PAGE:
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At London Fashion Week, Activists Come Clean About Greenwashing

Sustainability campaigners are putting brands through the wringer with a new website that highlights what they say is rampant greenwashing in the fashion industry.

At London Fashion Week on Monday, protestors from the Changing Markets Foundation and Extinction Rebellion rallied outside The Old Selfridges Hotel with banners and flyers pointing people to, an interactive “virtual launderette” that takes luxury, sportswear and fast fashion companies to task for sudsing up environmental claims with no solid evidence to back them up.

“When fashion brands greenwash it’s more than just marketing,” George Harding-Rolls, campaigns adviser at the Changing Markets Foundation, said in a statement. “Greenwashing dupes customers into thinking they’re making sustainable choices when they’re not. Worse still, greenwashing can deceive us into thinking that progress is being made and prevents systemic action to alter the destructive trajectory of the fashion industry. Currently, the industry is critically unregulated, creating an open playing field for fashion brands to greenwash with few consequences.”

The Changing Markets Foundation estimates that nearly 60 percent of green assertions for clothing are misleading or unsubstantiated according to guidelines from the United Kingdom’s Competition and Markets Authority, which announced last month that it is conducting a review of claims by brands that certain items of clothing are sustainable, better for the environment or made from recycled or organic materials.

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The increased scrutiny comes at a time when more Britons are choosing eco-friendlier lifestyles. A Deloitte poll from last April, for instance, found that four in five (85 percent) U.K. consumers have adopted at least one lifestyle change to be more sustainable since the pandemic began, while one in three is actively seeking brands with strong sustainability (34 percent) and ethical (30 percent) bonafides.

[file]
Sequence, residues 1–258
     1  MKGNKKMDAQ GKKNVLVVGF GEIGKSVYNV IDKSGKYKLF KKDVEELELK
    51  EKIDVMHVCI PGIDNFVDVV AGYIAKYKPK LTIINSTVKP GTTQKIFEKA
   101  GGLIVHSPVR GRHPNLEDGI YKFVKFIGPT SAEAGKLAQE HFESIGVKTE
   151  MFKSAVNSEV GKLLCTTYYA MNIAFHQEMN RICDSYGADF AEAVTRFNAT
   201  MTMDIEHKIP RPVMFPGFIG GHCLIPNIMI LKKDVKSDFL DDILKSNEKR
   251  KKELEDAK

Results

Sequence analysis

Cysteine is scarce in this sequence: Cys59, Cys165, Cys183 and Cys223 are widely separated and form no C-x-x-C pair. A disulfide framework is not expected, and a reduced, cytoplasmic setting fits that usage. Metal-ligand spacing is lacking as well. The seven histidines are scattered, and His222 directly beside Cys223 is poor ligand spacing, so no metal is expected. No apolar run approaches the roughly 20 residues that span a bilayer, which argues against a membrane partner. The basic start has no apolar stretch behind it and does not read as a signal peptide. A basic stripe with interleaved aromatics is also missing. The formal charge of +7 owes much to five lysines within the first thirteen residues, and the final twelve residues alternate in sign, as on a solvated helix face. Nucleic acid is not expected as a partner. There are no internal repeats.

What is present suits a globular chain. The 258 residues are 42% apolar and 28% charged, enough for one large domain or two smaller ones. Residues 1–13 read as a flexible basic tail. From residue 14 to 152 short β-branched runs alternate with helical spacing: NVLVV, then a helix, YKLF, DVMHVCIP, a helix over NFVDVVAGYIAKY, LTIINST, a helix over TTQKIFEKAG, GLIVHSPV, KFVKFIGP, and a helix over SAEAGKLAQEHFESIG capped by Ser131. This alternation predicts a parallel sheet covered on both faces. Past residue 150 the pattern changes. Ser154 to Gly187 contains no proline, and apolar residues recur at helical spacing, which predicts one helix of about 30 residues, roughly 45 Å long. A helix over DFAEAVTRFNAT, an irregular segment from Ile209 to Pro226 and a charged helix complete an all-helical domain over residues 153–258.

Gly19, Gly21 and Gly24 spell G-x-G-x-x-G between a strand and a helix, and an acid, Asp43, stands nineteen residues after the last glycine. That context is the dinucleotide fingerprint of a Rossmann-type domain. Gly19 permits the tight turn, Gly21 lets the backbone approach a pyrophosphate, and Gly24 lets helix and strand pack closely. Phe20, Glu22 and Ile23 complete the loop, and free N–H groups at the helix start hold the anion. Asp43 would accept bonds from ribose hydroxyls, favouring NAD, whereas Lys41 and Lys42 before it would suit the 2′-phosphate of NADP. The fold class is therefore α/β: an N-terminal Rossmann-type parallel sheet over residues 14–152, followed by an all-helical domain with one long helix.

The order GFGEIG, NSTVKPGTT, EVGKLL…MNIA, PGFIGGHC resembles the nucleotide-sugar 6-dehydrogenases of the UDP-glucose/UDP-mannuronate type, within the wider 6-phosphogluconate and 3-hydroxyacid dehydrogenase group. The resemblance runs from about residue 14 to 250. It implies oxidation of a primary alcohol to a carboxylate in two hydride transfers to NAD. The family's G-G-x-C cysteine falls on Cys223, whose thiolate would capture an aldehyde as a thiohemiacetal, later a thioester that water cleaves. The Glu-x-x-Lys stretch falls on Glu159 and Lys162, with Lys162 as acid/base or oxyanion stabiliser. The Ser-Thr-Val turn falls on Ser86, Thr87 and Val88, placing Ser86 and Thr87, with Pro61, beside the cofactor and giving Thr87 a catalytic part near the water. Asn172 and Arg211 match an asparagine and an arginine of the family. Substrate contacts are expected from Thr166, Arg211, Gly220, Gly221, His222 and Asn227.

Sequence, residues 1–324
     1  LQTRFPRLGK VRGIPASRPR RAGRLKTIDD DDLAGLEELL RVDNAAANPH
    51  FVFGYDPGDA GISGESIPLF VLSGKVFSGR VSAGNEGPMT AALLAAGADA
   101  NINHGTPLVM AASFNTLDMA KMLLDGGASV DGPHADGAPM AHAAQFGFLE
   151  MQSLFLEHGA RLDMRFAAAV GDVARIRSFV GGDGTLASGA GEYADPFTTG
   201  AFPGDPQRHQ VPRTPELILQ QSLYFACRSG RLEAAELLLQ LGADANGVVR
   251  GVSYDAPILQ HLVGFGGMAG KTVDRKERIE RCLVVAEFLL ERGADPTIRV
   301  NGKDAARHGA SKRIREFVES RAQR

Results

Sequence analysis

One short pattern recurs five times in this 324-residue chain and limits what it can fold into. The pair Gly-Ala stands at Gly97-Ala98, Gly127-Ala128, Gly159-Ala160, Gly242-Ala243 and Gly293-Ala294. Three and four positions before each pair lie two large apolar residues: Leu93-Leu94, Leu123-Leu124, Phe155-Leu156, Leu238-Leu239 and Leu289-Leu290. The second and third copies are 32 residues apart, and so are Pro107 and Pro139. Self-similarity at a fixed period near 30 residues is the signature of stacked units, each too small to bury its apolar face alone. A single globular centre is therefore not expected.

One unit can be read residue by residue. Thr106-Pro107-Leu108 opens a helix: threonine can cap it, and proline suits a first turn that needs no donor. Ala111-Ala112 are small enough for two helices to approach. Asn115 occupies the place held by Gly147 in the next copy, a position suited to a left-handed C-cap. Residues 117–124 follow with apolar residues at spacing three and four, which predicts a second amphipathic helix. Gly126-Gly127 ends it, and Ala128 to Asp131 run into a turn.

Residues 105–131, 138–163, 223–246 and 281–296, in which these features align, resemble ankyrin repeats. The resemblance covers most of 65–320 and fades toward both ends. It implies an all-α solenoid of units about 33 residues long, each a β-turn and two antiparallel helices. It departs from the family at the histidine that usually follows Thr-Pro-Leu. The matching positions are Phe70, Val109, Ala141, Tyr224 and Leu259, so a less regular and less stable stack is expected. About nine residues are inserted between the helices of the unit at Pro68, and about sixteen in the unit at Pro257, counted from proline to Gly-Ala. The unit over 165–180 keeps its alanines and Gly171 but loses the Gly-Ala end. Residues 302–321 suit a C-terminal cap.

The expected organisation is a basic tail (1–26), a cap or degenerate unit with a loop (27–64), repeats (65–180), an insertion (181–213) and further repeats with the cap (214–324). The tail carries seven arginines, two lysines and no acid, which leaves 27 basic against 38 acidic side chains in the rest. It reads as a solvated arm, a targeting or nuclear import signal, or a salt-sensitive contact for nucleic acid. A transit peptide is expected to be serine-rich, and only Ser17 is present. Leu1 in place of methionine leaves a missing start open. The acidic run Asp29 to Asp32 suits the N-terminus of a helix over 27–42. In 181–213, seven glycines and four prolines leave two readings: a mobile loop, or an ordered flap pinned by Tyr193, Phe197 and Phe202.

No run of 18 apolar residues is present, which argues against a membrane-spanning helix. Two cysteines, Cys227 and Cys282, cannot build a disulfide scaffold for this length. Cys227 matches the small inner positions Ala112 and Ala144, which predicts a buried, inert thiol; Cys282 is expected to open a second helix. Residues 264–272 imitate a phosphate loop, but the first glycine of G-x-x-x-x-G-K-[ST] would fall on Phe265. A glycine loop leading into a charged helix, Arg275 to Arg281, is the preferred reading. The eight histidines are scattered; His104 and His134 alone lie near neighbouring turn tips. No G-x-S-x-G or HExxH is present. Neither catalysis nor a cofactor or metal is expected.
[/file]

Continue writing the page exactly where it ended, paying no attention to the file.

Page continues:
Not everyone is taking brand declarations at face value, however. A recent survey by the Changing Markets Foundation and YouGov found that 62 percent of consumers across Germany, France, Spain, the United States and the United Kingdom either distrust or are uncertain about green claims made by fashion purveyors. Britons appear to be more resistant to spin, with 74 percent of U.K. respondents expressing skepticism about planet-pampering marketing.

“As Fashion Week draws to a close, we are reminded of the global negative impact the industry has both on our environment and the people working throughout the supply chain,” said climate campaigner Bel Jacobs, former style editor for Metro. “Without stronger regulation, this issue will just continue to worsen. Urgent change is crucially needed to halt the disastrous environmental and human effect of the industry.” takes to task products that are made with high percentages of synthetic fibers, such as polyester, yet claim to be better for the environment. Among the wash-outs is Boohoo’s new Ready for the Future collection, which Changing Markets Foundation says promotes the “false solution” of using recycled plastic bottles in clothing. A coat from Marks & Spencer, made in part from recycled PET, professes to be “kinder to the environment,” but “without disclosing the exact volume or providing any evidence for the green claim.” Another pair of “mono-material” pants from Asos that boasts “zero-waste design” and claims to be “easier to recycle” is revealed to be a blend of polyester and nylon that is “impossible to recycle.”

“It is clear that we have overshot the 1.5-degree pathway and we are now heading for well over 2 degrees,” said Safia Minney, former global CEO of People Tree and founder of a new grassroots movement known as Fashion Declares. London Fashion Week, she said, does “little” to address the “climate, ecological and social emergency we are facing.” Greenwashing from brands, too, hides the fact that production needs to be reduced by 75 percent or more.

“A radical shift will involve kicking out the fossil fuels that the industry is reliant on and transitioning to low-impact, regeneratively grown materials that promote carbon drawdown and low-carbon, high-social-impact handcrafted products,” Minney said. “Greenwashing is masking the truth and getting in the way of the systemic change needed for our future.”